Gas Turbine Fuel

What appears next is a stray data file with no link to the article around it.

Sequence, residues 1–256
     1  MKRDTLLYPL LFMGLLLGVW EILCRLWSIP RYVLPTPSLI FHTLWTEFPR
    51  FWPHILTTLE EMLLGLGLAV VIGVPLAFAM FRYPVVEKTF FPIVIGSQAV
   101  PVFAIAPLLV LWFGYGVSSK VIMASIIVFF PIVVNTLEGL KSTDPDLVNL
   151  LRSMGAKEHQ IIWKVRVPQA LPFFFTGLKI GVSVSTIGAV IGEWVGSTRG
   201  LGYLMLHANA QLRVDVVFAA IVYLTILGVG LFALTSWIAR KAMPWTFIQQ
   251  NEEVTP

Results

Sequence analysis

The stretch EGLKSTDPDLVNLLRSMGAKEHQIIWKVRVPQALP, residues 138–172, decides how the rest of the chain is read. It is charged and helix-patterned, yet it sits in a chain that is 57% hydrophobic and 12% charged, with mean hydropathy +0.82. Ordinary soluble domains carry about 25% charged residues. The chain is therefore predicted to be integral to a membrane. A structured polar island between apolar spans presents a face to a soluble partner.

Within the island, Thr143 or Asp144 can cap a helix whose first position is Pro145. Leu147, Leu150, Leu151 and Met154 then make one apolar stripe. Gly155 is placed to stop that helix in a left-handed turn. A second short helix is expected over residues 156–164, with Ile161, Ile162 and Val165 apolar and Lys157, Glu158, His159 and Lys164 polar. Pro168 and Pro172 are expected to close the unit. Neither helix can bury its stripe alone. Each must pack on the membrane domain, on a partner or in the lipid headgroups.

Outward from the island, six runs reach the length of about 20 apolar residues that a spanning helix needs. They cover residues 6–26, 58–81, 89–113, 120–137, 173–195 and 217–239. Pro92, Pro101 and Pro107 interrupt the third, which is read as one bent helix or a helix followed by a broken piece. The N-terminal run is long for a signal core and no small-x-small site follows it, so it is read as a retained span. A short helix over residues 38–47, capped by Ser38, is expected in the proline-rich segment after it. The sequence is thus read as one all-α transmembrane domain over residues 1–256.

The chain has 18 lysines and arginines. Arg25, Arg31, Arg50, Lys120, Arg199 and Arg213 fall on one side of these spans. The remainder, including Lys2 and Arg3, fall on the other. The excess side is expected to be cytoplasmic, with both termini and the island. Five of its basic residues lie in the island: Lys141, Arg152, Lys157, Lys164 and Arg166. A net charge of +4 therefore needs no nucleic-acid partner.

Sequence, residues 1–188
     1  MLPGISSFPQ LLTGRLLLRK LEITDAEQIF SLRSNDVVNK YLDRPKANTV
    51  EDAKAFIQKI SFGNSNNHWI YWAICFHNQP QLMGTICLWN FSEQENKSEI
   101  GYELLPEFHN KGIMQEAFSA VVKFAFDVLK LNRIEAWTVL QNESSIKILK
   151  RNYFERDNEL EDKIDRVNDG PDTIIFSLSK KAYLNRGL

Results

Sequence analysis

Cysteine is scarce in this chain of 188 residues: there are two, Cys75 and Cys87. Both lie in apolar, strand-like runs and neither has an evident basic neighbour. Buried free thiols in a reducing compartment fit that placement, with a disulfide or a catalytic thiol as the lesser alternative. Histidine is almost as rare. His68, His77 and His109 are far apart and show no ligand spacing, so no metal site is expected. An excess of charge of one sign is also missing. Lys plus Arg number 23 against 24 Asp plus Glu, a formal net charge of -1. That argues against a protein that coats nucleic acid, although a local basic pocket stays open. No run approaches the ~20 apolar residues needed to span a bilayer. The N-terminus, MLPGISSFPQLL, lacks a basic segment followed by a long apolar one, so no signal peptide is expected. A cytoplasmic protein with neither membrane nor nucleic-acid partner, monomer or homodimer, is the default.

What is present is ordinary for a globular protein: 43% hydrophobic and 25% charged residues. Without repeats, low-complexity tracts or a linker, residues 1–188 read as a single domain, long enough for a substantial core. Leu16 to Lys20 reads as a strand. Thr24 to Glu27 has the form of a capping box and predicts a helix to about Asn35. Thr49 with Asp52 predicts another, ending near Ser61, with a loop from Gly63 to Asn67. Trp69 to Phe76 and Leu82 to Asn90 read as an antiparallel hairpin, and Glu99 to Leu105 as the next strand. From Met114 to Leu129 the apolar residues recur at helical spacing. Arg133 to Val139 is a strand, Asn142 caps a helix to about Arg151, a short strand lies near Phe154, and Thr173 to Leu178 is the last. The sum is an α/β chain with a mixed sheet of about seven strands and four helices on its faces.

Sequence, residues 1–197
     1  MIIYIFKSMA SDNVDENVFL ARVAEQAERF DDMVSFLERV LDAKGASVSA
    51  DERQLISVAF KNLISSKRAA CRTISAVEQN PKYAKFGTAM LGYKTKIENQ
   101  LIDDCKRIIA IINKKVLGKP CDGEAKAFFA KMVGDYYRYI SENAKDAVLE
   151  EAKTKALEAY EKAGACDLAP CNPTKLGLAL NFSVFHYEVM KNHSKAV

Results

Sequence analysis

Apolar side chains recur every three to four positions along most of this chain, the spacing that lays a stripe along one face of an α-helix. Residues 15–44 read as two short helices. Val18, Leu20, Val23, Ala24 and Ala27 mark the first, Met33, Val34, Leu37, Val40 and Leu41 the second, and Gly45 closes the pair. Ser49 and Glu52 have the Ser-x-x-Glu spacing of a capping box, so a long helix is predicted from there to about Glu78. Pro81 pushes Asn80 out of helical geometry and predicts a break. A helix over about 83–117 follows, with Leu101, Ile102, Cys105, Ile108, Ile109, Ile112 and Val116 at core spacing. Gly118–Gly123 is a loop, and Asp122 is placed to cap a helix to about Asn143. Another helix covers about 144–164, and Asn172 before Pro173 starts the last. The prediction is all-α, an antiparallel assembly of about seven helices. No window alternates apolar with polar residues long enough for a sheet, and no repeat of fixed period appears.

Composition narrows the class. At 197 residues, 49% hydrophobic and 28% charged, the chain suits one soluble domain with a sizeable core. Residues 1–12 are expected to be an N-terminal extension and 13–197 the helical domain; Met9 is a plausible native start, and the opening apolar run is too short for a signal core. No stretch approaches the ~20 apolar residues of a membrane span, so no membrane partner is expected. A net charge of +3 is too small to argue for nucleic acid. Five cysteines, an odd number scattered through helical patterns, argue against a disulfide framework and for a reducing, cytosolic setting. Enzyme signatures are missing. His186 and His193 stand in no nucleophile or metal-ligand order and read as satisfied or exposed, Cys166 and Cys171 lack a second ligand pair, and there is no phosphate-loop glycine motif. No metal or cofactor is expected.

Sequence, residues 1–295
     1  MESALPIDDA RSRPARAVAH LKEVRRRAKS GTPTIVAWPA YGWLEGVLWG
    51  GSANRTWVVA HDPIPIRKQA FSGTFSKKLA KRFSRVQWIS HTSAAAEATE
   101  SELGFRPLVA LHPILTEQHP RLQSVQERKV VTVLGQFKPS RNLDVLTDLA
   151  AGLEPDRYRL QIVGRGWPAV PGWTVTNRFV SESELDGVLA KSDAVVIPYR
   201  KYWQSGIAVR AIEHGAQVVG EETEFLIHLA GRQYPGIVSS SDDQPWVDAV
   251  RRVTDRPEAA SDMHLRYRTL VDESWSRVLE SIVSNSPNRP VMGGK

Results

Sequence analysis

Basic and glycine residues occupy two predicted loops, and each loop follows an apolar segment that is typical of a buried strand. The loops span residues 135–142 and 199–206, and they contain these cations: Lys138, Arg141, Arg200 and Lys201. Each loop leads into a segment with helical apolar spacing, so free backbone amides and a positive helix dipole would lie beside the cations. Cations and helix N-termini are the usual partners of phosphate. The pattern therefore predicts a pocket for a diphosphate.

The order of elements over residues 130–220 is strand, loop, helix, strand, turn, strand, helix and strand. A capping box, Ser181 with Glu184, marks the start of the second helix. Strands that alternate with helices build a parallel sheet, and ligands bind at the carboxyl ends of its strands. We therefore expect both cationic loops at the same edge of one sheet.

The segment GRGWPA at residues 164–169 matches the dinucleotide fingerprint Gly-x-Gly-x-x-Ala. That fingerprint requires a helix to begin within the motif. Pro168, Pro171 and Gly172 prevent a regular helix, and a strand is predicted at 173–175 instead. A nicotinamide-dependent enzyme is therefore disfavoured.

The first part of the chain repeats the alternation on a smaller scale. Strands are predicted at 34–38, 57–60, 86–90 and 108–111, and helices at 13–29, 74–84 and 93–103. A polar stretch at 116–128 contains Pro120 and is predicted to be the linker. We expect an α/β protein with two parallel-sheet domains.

Gas turbine fuel is used primarily for electric power generation. Gas turbines are very similar to jet engines in terms of how they operate. Air is compressed, then burned by a flame with fuel in a confined area. After hot gas quickly makes it’s way through the turbine it begins to turn (either in a generator to produce electricity or in an aircraft to produce thrust power). As the turbine turns it also pulls air into the front of the engine to be further compressed. Once the hot gases exit from the exhaust, its pressure rapidly returns to atmospheric pressure, although the temperature of the actual exhaust may still be extremely hot. The hot gas that exits the turbine gives off a significant amount of energy in the form of heat. This heat is sometimes used to produce steam (by boiling water), which drives steam turbines, which are connected to a second electrical generator. The process of compression, combustion, and expansion is known as the gas cycle, while the process of electricity production through steam is known as the steam cycle. The combination of the two within a single facility is known as a combined cycle gas turbine plant, aka a CCGT plant. These plants have become increasingly popular in the United States due to their efficiency, flexibility, and low pollution when compared to a plant that uses coal for power generation. Most gas turbine plants burn natural gas. Oil based gas turbine fuels are becoming more rare in terms of electrical power generation. In the United States residual fuel is more common than gas turbine fuel as far as far as electrical power generation is concerned. Some other common power generation fuels include coal, hydro-gravity, natural gas, and nuclear power.